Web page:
Lots of my neighbors are looking to sell, even though for most of us there's no longer a tax break for moving. However, many homeowners still will pocket tax-free sales cash that should help cover relocation expenses.
Summer always kind of freaks me out, and not just because here in Central Texas it tends to get too damn hot too damn soon.
I'm talking about all my neighbors who want to leave. Every summer there's a plethora of "For Sale" signs in yards throughout our community. I immediately start worrying. What's wrong with where we live?!?
Maybe my neighbors are fleeing because of the summertime temperatures.
Or maybe, and more likely, there's nothing wrong with the neighborhood where we all, for now, live. Folks simply move. A lot of them. Every year.
And summer is a good time to pack up and go, especially if you have a family. The youngsters' classes are over and there's time over the next few months to get resettled and the kiddos enrolled in their new school districts.
No more tax code moving help: This year, though, my departing neighbors aren't going to get any help in schlepping their possessions to a new hope.
The Tax Cuts and Jobs Act has eliminated, at least from tax years 2018 through 2025, the above-the-line deduction for moving expenses. The new tax law also does away with the tax-free workplace benefit of employers paying for or reimbursing workers for their job-related relocation costs.
Under the prior law, when you moved for work purposes you could use many of those transfer expenses to reduce your gross income to a lower adjusted gross income level. Or, if your new employer paid or reimbursed you, you didn't have to count that money as taxable income.
That's still the case if you moved in 2017 and postponed filing that tax federal tax return until Oct. 15. If this applies to you, get details on what to do in my earlier post on deducting moving costs.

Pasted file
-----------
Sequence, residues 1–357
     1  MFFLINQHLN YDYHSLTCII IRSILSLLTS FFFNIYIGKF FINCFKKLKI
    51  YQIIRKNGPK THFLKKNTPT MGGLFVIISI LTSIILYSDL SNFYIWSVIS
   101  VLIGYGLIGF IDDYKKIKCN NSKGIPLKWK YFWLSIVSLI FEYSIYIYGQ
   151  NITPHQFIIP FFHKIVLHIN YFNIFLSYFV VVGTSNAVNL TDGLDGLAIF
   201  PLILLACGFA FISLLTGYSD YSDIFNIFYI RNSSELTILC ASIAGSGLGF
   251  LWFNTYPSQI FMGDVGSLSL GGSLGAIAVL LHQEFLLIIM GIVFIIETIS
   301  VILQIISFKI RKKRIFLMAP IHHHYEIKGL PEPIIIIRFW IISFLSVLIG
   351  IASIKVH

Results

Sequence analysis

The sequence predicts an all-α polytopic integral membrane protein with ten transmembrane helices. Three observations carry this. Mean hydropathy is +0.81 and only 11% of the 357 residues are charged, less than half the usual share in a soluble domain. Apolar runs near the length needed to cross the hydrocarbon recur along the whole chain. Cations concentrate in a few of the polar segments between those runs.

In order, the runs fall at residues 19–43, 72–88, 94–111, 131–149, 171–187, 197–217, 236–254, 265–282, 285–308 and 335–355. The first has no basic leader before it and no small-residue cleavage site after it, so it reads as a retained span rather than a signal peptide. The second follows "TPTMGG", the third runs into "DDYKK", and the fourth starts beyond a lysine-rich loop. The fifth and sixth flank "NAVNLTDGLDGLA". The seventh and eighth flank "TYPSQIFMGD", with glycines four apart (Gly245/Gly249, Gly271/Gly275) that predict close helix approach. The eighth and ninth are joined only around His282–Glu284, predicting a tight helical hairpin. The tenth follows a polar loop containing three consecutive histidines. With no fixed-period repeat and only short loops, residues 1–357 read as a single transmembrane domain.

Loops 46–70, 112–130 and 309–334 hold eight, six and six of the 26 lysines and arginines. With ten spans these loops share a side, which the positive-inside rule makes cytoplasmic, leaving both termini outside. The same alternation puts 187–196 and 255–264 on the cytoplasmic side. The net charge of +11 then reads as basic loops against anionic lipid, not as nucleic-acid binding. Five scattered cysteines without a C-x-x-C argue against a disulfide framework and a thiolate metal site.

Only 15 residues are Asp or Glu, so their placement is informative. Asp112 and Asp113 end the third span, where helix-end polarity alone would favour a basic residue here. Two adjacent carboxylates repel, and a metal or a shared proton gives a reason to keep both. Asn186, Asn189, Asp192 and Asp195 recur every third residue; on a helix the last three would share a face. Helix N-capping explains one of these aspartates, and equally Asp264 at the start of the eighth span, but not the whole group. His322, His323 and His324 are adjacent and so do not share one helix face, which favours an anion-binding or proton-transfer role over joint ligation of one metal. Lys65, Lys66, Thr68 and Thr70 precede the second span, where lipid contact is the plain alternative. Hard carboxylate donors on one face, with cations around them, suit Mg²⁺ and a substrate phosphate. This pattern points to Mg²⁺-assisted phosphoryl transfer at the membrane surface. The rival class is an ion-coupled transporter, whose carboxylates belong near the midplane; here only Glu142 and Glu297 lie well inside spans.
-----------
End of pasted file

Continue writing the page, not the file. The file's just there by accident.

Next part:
But now, for tax years 2018 through 2025, the TCJA says that the moving costs deduction can be claimed only by U.S. Armed Forces personnel who are on active duty and who move pursuant to a military order related to a permanent change of station.
Other ways to pay the mover: If you'd been counting on some tax savings to help you relocate, you need to make other arrangements.
A pre-move garage sale could help you reduce what you'll need to transport and put a few tax-free dollars in your bank account.
You also might want to talk to your employer about more money to help cover your moving costs. Just be sure that the added compensation also is enough to pay the additional taxes you'll owe on the increased income.
Tax free home sale profit: Then there's the cash you'll pocket tax-free (I hope) when you sell. That definitely could help ease your relocation costs.
The key requirement here is the two-of-five rule regarding ownership and residency. To get this valuable tax break, during the five-year period ending on the date of your home sale you must have owned the residence for at least two years and lived in the property as your main home for at least two years.
Remember, your potentially tax-free real estate profit is the difference between what you get when you sell your home (this likely is the only time you'll agree with your local tax assessor's inflated value of your house!) and its basis, which starts with what you paid for the house plus, for example, the cost of improvements and other real estate related expenses.
You can read more about when a residence's sale is tax free in the Internal Revenue Service's latest summertime tax tip. I also highly recommend my earlier blog post on this topic, which includes a link to an article I wrote detailing the home sale tax break.
Regardless of how you finally pay for your move, here's hoping it's a safe and easy one. We'll miss you!
You also might find these items of interest:
- Most millennials want houses like their parents, eventually
- Tax differences between home repairs & home improvements
- Home improvements that can pay off on your taxes when you sell